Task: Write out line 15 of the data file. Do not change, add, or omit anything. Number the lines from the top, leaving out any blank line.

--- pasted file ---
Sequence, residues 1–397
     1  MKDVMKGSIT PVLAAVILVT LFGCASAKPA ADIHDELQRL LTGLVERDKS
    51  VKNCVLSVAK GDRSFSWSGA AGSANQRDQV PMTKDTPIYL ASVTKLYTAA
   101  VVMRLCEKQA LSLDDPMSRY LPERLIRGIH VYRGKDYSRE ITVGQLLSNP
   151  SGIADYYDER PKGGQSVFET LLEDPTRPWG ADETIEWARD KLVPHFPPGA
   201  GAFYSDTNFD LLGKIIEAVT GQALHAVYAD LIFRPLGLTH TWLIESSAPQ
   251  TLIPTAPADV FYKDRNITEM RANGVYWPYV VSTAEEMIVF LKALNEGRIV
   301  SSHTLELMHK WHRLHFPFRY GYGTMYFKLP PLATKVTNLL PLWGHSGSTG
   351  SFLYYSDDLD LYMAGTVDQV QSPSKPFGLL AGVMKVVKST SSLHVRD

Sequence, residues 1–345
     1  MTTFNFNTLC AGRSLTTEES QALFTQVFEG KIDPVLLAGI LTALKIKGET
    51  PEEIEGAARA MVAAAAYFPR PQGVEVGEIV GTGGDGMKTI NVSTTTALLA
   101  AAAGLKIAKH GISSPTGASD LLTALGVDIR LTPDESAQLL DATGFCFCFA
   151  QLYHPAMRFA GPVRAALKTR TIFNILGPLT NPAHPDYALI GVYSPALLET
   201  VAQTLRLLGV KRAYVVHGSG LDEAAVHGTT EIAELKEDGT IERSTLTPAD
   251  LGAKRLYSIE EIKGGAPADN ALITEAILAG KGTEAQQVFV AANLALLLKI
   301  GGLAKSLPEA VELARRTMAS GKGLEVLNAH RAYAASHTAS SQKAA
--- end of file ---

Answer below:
   201  VAQTLRLLGV KRAYVVHGSG LDEAAVHGTT EIAELKEDGT IERSTLTPAD